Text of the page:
Museums that make violence look like fun

Dr Peter van den Dungen, Peace Studies, University of Bradford, wrote in The Independent:

I read a newspaper that had the gunman in Oslo, with his gun, prominently on the front cover, together with his saying, “It is better to kill too many than not enough.”

The same paper carried an advertisement from the Royal Armouries Museum in Leeds, which said:

“Charge down to the Royal Armouries Museum this summer for loads of family fun …

“Discover: the world of the warrior through the ages from the medieval knight to  the modern-day soldier.

“Hands-on: Ever fancied handling a medieval sword … Our special handling sessions let you get up close to weapons and armour from the collection …

“Commando Kidz! Are you up for the challenge of the Adventure Zone’s inflatable assault course?”

Young boys (especially) want fun and excitement, and handling weapons and playing at war seem to fit the bill perfectly. Should these holiday offerings be regarded as harmless fun and instructive excitement, or are they part of a deep-rooted and pervasive culture of institutionalised violence in which the killing and maiming of people is accepted as the norm?

Is it pure coincidence that this country has some 100 army and war museums, but only one embryonic peace museum?

The Independent’s Letters column,Thursday, 28 July 2011

Peter’s main research interests are in the related areas of peace history, culture of peace, and peace education and also focus on peace museums as potentially important instruments to foster peace education and the development of a culture of peace in its various dimensions for a wide public.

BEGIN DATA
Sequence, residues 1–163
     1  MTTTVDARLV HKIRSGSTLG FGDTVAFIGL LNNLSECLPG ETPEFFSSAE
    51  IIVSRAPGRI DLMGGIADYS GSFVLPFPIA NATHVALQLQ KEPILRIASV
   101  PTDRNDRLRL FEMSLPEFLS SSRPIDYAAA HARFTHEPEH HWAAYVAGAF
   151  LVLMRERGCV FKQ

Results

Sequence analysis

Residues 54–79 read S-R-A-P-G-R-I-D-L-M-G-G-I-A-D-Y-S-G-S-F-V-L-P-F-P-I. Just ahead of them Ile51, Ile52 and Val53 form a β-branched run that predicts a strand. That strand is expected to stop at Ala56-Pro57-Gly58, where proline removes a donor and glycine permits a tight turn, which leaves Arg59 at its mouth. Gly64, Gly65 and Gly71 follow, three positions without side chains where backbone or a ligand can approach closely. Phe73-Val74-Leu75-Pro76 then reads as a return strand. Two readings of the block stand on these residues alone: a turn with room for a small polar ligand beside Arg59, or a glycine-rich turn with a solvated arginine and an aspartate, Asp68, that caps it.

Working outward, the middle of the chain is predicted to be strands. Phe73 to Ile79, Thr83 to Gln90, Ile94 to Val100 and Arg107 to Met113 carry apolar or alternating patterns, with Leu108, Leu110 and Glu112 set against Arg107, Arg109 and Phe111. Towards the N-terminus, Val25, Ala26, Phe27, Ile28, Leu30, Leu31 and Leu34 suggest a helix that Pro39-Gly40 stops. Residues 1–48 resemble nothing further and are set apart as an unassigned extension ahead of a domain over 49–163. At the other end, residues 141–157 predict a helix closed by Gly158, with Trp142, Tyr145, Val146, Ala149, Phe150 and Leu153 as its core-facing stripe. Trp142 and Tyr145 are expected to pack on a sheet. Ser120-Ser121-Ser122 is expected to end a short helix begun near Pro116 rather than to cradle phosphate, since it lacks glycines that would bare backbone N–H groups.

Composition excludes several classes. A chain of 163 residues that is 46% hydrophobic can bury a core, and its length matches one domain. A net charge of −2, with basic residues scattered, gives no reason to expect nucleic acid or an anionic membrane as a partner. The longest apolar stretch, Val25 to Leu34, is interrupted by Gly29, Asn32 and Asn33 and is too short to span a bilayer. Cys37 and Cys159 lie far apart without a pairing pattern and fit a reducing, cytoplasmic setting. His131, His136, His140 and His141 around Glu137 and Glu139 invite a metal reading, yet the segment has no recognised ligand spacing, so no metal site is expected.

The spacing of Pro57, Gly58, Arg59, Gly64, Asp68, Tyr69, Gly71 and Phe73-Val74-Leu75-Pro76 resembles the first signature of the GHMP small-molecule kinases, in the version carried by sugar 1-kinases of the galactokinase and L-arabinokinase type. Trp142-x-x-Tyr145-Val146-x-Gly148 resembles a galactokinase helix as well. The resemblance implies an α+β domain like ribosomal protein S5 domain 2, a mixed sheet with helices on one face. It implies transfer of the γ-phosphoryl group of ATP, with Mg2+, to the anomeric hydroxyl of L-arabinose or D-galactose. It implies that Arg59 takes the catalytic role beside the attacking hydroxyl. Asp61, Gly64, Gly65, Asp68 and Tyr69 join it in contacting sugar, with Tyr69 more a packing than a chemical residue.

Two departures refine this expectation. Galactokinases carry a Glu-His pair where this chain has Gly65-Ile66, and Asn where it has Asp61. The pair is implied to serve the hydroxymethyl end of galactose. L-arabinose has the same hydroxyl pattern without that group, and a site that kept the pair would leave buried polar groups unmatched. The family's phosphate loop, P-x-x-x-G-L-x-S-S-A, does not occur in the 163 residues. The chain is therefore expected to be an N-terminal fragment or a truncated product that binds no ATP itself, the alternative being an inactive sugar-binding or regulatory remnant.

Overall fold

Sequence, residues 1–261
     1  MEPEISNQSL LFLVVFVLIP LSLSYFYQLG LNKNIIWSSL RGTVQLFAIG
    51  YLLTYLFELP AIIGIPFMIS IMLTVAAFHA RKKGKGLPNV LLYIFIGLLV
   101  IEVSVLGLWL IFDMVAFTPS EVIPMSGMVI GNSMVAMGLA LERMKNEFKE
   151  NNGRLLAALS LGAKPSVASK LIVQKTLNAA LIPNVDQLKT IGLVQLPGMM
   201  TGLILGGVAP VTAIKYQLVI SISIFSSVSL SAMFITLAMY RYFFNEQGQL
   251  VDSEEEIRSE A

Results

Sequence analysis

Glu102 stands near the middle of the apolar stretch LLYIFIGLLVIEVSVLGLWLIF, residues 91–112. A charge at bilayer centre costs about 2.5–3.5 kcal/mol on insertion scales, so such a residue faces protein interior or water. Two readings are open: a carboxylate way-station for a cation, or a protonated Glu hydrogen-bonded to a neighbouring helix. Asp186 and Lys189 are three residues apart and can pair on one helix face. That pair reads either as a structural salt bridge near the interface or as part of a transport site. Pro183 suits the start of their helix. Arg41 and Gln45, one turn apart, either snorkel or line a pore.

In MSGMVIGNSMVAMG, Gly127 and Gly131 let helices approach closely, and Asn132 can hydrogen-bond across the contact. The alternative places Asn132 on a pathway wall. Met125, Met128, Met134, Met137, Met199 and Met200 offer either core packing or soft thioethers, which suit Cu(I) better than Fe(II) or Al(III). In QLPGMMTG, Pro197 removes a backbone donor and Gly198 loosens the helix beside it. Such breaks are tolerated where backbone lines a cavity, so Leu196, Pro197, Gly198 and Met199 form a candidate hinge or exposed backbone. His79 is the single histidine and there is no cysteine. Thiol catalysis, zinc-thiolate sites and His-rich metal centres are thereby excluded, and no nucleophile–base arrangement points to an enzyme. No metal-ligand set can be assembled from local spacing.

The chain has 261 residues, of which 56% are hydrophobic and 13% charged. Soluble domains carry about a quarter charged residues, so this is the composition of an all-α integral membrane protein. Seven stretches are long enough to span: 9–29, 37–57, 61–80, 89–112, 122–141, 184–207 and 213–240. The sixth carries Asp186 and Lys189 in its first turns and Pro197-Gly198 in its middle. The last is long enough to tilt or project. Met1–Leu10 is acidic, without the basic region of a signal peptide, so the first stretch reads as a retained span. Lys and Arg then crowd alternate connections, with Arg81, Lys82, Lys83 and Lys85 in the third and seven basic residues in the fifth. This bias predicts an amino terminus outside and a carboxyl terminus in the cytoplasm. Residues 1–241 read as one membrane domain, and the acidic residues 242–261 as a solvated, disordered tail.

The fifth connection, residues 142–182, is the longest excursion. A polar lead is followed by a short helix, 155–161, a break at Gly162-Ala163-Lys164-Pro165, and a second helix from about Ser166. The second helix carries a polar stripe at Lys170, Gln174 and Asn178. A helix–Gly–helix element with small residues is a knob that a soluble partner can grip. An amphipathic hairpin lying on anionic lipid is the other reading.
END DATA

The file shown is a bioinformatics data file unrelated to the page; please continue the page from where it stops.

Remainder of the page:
———-

The Peace Museum aims to build a culture of peace  

The Peace Museum in Bradford explores the events and history of people and organisations that have worked to promote peace, non-violence and conflict resolution.  

It is dedicated to the collection, conservation, and interpretation of material relating to the history and development of peace, nonviolence and conflict resolution. 

Through exhibitions and learning activities, the Peace Museum aims to help build a ‘culture of peace’ in the here and now.

It was established in 1994 and has a collection of over 5,500 items relating to the history and development of peace, non-violence and conflict resolution. 

Currently at the museum there are three main exhibitions. These exhibitions cover the themes of peace from post World War (Room 1), through the 70’s and 80’s campaigns for peace and nuclear disarmament (Room 2), to the modern day ethics of peace and more local peace issues in and around the area. 

It is a member of the International Network of Museums for Peace (INMP)

 

 

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